So did you think you’d be reading about Japanese Knotweed and Resveratrol today?
While they both may be new terms to you, hundreds of thousands of people wake up everyday with them on their minds. Some consider this Knotweed to be an invasive plant, others bask in its medicinal properties.
According to Wikipedia, Japanese Knotweed goes by many other names as well including:
fleeceflower, Himalayan fleece vine, monkeyweed, Hancock’s curse, crimson beauty, Reynoutria, elephant ears, pea shooters, donkey rhubarb (although it is not a rhubarb), sally rhubarb, Japanese bamboo, American bamboo, and Mexican bamboo (though it is not a bamboo).
In Japanese, the name is “itadori”, and is used in making itadori tea.
Consuming Japanese Knotweed
Because it grows in most any condition, bee farmers find bees love its flowers and the honey that comes out, often called Knotweed Honey or Bamboo Honey, is a lot like Buckwheat Honey.
The stems are actually edible and taste a bit like rhubarb. Many recipes can be found to make dishes that traditionally call for Rhubarb.
Japanese Knotweed and Resveratrol go hand in hand. In fact, next to Red Wine, it is the #1 alternative source of Trans-resveratrol. It’s scientific name “polygonum cuspidatum” can be found on resveratrol and antioxidant supplements because it makes a better source for supplement makers than grapes or wine.
Buy Japanese Knotweed
Find a place to buy Japanese Knotweed is difficult due to resveratrol’s current popularity. A few years ago it was to be found in most places that sold nutrients en masse to the pill manufacturers. Now, all the big companies have contracted it all.
We did find a couple places to buy Japanese Knotweed root. They are in dried root form; they suggest you dissolve it in hot water to make a tea. I think you’ll find the idatori tea recipe below more palatable, being made from the stems and leaves – but it’s worth a try:
Itadori Tea; A Great Source of Trans-Resveratrol
Major dietary sources of resveratrol include grapes, wine, peanuts, cranberries and blueberries. However, since resveratrol is absorbed best in the mouth through buccal absorption, it is best introduced to the diet through red wine, liquid nutritional supplements or Itadori tea.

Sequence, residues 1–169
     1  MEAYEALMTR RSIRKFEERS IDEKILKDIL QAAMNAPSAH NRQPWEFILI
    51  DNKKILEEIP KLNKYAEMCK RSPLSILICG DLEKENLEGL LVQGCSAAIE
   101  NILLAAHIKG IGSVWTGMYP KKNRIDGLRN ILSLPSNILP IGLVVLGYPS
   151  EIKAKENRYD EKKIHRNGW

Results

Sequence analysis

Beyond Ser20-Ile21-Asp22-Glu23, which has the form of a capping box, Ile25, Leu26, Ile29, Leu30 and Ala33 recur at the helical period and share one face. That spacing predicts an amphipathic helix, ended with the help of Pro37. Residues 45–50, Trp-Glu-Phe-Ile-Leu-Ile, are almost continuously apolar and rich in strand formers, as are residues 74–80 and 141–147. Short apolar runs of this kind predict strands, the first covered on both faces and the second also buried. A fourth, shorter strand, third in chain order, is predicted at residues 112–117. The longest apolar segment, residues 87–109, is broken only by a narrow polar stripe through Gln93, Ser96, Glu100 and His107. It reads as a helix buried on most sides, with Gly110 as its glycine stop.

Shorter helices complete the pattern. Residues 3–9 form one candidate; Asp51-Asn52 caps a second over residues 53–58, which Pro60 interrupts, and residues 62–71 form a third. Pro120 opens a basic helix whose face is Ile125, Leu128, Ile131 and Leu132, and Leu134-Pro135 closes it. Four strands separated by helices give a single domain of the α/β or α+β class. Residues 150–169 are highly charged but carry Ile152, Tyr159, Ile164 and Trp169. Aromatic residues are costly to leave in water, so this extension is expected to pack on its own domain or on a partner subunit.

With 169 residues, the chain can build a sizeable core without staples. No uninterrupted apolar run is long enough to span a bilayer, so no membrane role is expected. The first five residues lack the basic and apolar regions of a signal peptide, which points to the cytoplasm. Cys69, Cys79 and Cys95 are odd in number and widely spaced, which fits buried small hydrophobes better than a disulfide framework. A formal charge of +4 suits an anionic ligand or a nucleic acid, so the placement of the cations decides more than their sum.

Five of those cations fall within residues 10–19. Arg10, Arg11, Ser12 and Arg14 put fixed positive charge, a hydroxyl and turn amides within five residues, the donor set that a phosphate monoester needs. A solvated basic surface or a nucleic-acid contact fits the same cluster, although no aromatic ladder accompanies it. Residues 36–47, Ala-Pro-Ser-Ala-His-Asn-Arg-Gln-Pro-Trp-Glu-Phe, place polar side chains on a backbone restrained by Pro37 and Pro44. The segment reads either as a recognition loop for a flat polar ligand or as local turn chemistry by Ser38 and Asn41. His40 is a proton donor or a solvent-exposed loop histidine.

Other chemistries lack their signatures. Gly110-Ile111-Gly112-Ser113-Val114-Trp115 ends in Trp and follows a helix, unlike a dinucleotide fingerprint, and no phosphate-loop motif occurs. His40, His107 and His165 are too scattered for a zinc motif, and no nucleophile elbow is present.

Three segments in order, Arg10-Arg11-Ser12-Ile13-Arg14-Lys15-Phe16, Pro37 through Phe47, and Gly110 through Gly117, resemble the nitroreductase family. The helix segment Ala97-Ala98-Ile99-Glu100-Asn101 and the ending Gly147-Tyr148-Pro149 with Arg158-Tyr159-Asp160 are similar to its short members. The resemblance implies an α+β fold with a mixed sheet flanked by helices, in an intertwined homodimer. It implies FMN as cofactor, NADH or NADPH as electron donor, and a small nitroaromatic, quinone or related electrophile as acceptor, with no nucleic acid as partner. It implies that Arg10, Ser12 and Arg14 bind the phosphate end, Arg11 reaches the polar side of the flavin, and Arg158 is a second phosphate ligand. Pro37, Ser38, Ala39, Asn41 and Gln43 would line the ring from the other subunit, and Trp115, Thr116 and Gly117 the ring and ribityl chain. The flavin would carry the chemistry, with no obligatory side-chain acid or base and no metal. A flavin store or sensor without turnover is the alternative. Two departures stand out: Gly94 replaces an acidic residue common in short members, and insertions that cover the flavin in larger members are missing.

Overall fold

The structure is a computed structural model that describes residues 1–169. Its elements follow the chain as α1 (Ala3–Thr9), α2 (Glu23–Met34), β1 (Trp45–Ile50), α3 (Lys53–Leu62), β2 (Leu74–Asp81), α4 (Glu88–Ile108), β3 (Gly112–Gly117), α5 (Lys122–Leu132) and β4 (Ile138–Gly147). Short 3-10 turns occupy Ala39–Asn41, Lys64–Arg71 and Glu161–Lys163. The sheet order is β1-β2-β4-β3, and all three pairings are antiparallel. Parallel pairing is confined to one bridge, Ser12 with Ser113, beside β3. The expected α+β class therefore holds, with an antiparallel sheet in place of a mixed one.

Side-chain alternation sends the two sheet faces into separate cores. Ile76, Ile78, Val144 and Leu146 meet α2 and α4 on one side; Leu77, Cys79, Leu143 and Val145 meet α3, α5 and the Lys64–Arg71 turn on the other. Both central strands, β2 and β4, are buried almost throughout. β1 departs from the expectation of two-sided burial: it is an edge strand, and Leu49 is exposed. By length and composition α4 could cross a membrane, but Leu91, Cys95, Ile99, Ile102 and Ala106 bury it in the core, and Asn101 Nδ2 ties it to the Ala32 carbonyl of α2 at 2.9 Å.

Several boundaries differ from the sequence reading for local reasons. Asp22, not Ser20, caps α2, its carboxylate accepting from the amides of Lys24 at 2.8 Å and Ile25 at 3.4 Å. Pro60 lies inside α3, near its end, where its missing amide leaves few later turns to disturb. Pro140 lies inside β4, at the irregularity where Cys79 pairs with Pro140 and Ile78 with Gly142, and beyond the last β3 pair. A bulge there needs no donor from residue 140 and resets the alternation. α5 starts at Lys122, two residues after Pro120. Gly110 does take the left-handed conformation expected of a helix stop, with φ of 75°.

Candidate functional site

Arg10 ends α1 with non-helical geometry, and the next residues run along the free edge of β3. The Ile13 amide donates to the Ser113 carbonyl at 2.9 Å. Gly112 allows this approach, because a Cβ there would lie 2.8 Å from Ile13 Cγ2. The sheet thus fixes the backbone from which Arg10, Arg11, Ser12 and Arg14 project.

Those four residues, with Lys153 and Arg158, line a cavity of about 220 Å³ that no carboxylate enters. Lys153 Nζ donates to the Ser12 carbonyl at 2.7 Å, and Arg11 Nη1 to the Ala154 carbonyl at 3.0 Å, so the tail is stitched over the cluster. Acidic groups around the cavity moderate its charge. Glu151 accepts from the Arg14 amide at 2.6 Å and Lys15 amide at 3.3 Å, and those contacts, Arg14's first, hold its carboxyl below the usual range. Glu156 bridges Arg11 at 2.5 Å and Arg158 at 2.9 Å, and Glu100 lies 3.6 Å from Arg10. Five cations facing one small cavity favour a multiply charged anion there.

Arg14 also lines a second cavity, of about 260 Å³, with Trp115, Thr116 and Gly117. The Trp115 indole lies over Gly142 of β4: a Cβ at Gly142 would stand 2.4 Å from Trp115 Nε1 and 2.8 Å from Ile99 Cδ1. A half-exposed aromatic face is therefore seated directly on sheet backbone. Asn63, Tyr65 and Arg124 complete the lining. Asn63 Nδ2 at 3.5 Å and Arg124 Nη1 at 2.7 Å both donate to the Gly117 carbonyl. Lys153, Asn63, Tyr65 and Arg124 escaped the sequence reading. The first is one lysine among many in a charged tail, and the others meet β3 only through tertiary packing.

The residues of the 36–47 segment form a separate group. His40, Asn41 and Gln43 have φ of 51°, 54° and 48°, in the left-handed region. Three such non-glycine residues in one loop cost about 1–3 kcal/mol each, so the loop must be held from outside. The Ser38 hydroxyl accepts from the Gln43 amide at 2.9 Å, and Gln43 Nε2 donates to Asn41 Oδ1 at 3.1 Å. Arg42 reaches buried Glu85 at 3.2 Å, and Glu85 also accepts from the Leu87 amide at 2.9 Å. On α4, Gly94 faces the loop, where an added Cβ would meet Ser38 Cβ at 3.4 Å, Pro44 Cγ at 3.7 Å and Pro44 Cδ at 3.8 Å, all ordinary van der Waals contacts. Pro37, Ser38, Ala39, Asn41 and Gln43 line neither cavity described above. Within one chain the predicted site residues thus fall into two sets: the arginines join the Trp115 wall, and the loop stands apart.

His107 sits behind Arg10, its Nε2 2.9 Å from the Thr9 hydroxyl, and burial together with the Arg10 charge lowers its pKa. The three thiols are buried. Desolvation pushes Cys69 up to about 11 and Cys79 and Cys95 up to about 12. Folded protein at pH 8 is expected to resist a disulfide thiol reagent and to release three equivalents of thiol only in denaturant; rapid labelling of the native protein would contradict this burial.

Itadori Tea has been used in Japan and China as a traditional herbal remedy for heart disease and strokes (and as a natural laxative). The Journal of Agricultural Food Chemistry studies state that, ”For people who do not consume alcohol, Itadori tea may be a suitable substitute for red wine.”
While it is extremely difficult to buy Itadori Tea, it can be easily made.
Knotweed Tea (Itadori Tea) Recipe
For some people getting a hold of some J. Knotweed will be easy, for others you may have to search around or ask local botanists. (See the video below to get a good idea what it looks like if you’re going to go hunt for it)
Since it is mainly considered an invasive plant, your local botanist or landscape architect will likely know where you can get some for free. Once you do, make this fantastic Itadori Tea Recipe.
The recipe was provided to us by Gerry and Len Janus who
recently retired from Vileniki-an Herb Farm.
They have made frequent appearances on televised garden programs and are well known for their expertise in identifying wild plants and their uses. They lead nature walks, offer programs, seminars and workshops, conduct programs for the Audubon Society, Nature Conservancy , and Pennsylvania state parks. We are grateful for their help.
ITADORI TEA RECIPE
- 1. Gather knotweed shoots, very young knotweed shoots make better tea. If you use tough knotweed stems, coarsely chop or break, using kitchen shears.
- 2. Cover with cold water, then bring to a boil. Reduce Heat and Simmer for 20 minutes.
- 3. Strain and add sugar to taste. Chill before serving.
- 4. Fresh Strawberries or crushed raspberries may be added (but aren’t necessary). Strain again to remove seeds.
Japanese Knotweed as an Invasive Plant
J. Knotweed is a lot of different things to different people. To much of the United States, it is an invasive weed like Kudzu. Because it can grow in most any conditions, highway transportation departments and farmers find themselves fighting it.
It is currently banned from growing or importing in the United Kingdom and is on the invasive plants list in Alaska, Ohio, Vermont, Virginia, New York, Alaska, Pennsylvania, Oregon and Washington State and others.
While some farmers fight it, other farmers find it controllable. In fact, some plant it to keep other invasive weeds like Kudzu from taking over their crops. J. Knotweed grows fast enough and is aggressive enough to keep other weeds in check.
The only thing that kills it for sure is a shovel. But be thorough, it can restart growth from the roots alone should it be cut or partially dug up. Many say planting it is not worth it.